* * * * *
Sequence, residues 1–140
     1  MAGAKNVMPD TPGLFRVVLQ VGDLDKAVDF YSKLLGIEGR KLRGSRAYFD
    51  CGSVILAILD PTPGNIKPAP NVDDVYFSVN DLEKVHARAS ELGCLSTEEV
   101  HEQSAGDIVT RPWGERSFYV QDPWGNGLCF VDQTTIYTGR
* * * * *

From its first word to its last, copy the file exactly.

Sequence, residues 1–140
     1  MAGAKNVMPD TPGLFRVVLQ VGDLDKAVDF YSKLLGIEGR KLRGSRAYFD
    51  CGSVILAILD PTPGNIKPAP NVDDVYFSVN DLEKVHARAS ELGCLSTEEV
   101  HEQSAGDIVT RPWGERSFYV QDPWGNGLCF VDQTTIYTGR